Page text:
Related Posts: Environment

In The News

One Year After Typhoon Haiyan, Hard-Hit Eastern Visayas Still Fragile

November 5, 2014

Standing at the beach of MacArthur Park just south of Tacloban city in Eastern Visayas, the Pacific Ocean looks playful and gentle – a sharp contrast from a year ago when Super Typhoon Haiyan, “Yolanda” in the Philippines, pounded the region, leaving more than 6,300 dead…

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In The News

Water Festival Highlights Phnom Penh’s Mounting Waste Management Problems

November 5, 2014

Every year as the monsoon rains in Cambodia ease and the Mekong River’s flow subsides, the largest lake in Cambodia, the Tonle Sap, begins its annual drain of the Central Cambodian flood plain. The Tonle Sap is a unique lake/river system in the world…

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In The News

Q&A with Leading China Expert, Asia Foundation Trustee Elizabeth Economy

October 29, 2014

In Asia editor Alma Freeman recently sat down with new Asia Foundation trustee Elizabeth Economy, Council on Foreign Relations’ C.V. Starr Senior Fellow and director for Asia Studies, to discuss China’s environmental challenges, the country’s role as a donor, and her new book co-authored with Michael Levi…

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Notes from the Field

Human Rights and Mongolia’s Small-Scale Mining Sector

October 29, 2014

Since the collapse of the socialist regime in 1990, Mongolia’s economic development has been dependent on an expanding formal and informal mining sector that for many years had little regard for the environment.

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Notes from the Field

Indonesian Lawsuit Pushes Local Government to Regulate Massive Coal Mining Industry

October 15, 2014

In last week’s In Asia, I examined the growing environmental and social costs that the coal mining industry is having on Indonesia’s East Kalimantan province, home to 28 percent of Indonesia’s total coal reserves. Already, 6.6 million hectares have been allocated for mining across the province, and in the provincial capital…

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In The News

Indonesia Now World’s Largest Exporter of Coal for Power Stations, But There Are Costs

October 8, 2014

Flying over Indonesia’s East Kalimantan, the closer we get to the provincial capital of Samarinda, the more bare patches emerge in the island’s lush forest cover. Exposed brown areas dotted with lurid green tailing ponds are telltale signs of the open pit coal mining voraciously consuming Kalimantan’s remaining forests.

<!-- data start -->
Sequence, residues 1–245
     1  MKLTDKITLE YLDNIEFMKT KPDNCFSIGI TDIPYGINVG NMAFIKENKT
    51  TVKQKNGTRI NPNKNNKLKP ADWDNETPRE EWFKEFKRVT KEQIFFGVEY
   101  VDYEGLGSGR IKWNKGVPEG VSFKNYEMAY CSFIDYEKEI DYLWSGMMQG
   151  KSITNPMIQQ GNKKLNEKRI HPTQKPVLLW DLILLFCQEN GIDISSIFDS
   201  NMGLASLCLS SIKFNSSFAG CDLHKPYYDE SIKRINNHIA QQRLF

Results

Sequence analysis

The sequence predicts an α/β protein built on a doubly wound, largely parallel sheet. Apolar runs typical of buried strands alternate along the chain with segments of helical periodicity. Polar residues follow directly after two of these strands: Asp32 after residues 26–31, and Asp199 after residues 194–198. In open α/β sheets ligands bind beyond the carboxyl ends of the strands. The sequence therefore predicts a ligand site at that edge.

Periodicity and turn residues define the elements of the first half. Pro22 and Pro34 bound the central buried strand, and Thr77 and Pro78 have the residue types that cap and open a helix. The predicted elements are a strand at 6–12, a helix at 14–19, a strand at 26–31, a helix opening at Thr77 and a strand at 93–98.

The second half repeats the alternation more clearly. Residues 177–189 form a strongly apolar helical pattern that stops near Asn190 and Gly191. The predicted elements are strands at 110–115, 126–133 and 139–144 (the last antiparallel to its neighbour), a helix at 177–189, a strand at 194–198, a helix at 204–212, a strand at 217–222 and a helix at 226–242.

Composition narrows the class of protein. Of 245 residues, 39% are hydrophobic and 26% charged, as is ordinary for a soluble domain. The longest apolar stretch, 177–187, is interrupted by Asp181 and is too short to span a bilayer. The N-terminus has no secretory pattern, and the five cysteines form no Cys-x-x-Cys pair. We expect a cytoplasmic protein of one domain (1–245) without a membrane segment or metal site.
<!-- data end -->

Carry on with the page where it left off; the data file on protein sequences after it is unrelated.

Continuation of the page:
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In The News

Bill Puts Brakes on Emergence of Indonesia’s New Local Leaders: A View from Surabaya

October 1, 2014

On September 26, the House of Representatives passed a bill that took away Indonesians’ right to vote for governors, mayors, and district heads, and gave it to the corresponding regional legislative bodies. Since then, Indonesians have expressed concern that the decision is likely to put the brakes on the emergence…

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In The News

Desecuritizing Transboundary Water in South Asia

September 17, 2014

Severe floods in the Kashmir region of Northern India and Pakistan over the past few weeks have taken 450 lives so far, and uprooted thousands of residents on both sides of the highly politicized border. Heavy monsoon rains caused the Chenab and Jhelum rivers (tributaries of the Indus River system) to overflow their banks…

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In The News

Financing the Costs of Climate Change in Disaster-Prone Asian Nations

September 17, 2014

Disaster insurance has quickly risen up the global policy agenda in the last few years, where phrases like “loss and damage mechanisms” and “micro-insurance schemes” are catching fire in climate change discussions about how to finance the costs…

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Notes from the Field

Emerging Chinese Foundations Expand Role in Disaster Management

September 17, 2014

Last month, the One Foundation, one of China’s most visible charitable organizations, presented a new strategy to government officials and national researchers that marks a major shift in the approach to disaster mitigation in the country.

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